3. Is this really pixel-perfect? For me it seems, that the screen is vertically stretched to 1080 pixel. What is the upscale ratio? 2×2, 3×3 or 4×4? Or it is depending on if it’s lo or hi-res and if it’s interlaced or not?

    1. By adding an optional button you can enter the settings menu and do a huge amount of tweaking everything.

      But the standard setting is 4×4 if the amiga runs in low-resolution mode. For its high-res mode (workbench), the pixels are scaled 2x horizontally. When having interlaced mode, the vertical scaling is 2x (flicker-fixing it on the way).

  4. Its worth mentioning RGBtoHDMI is running on raspee bare metal code, no linux. You can get by with 32MB SD card. Very clever design, might be the best 8-16 bit upscaler available right now. It supports a huge list of devices already, and its all open source so you can add support for new hardware and video modes.

    1. If you want to pay 7 times more for a framemeister, then be my guest. I think you are missing the point of this project. It is created primaery to give the BBC Micro HDMI video out. To be able to use a modern monitor on these machines, because the old monitors are too expensive and too far between. Secondly, it is created with extreme cost reduction in mind, so everyone can have a upscaler that does not flicker. And third, it is adapted for the use with OCS Amiga and now for both OCS and ECS machines (minus a600), with the version2 of the adaptor. V2 features a jumper select for OCS and ECS.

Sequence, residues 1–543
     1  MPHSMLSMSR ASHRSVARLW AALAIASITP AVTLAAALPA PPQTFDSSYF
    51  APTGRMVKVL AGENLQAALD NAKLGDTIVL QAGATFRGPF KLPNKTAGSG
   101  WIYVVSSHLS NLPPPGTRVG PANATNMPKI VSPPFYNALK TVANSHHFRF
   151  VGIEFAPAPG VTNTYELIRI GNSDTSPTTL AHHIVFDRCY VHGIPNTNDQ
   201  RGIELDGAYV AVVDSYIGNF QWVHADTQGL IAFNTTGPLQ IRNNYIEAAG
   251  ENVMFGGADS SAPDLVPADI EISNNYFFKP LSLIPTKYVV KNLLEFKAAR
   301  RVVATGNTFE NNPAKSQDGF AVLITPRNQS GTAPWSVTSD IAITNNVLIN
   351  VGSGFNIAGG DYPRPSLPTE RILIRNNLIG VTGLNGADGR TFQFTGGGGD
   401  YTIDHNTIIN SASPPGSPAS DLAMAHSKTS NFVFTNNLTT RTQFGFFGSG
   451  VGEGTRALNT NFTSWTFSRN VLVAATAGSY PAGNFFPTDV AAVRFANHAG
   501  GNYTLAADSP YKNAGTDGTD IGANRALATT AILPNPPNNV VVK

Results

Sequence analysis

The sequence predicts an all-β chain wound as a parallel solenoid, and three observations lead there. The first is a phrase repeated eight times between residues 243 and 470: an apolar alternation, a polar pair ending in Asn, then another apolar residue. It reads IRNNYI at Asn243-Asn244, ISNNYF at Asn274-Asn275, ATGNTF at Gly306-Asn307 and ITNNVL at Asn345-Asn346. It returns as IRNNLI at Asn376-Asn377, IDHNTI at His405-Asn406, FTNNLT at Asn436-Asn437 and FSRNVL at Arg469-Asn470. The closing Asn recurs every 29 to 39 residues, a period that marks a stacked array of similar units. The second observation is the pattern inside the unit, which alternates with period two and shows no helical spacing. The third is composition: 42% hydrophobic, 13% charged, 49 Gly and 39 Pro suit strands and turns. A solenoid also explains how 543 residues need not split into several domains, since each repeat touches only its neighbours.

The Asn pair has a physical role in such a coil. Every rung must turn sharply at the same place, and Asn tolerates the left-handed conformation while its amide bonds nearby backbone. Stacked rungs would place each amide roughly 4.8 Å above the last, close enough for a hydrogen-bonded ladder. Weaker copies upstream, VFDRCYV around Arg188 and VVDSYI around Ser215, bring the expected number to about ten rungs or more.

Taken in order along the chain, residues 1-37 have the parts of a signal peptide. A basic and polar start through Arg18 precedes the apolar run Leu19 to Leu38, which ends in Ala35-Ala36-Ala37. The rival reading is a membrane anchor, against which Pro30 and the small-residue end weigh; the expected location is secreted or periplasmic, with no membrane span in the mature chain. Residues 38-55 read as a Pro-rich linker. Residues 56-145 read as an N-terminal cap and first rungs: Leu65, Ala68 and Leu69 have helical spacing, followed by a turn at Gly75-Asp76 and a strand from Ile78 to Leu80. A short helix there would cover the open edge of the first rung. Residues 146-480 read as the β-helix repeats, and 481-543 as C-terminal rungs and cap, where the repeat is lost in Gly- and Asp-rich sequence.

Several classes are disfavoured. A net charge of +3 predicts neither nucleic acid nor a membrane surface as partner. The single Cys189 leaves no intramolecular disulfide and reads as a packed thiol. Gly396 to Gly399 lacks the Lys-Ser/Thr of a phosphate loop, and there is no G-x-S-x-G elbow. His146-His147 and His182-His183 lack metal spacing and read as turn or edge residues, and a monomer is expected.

That means that Amiga500-Plus and possible Amiga3000 can have HDMI out, using the standard/regulair screenmode that are set in Workbench. (When you load it first time after installation) All Amiga games are working in the resolutions that this adaptor can take anyway.

      I see this adaptor, as the best solution. IF you need an Amiga for the following things. (or like those)

      – Amiga500/Amiga500-Plus.
      – Only play games that are from the golden era of Amiga gaming (1988 to 1992).
      – Use real Floppy disks or Gotek drive.
      – Or make music with a Tracker program.
      – And if you don’t really use the highest screenmodes.

      If that list is what meet’s you demand for an Amiga in your collection, then this adaptor is what you need. Because you can use it with a 1080p or 4K television, and a TV like that plus this adaptor and the PI included shipping, are most of the times way cheaper than a framemeister (and then you still need the TV) or a real old CRT monitor, that you have no idea on when it will go dead or burst into flames. Yes. Bursting into flames will happen, if you do not have enough space around it to give good ventilation. Plus you need to make sure there are no dust than can suck up moisture from the air, and then short out and make the monitor ready for the recycling center.

      Then again. If you want that framemeister, then have at it, and pay around 7 times more.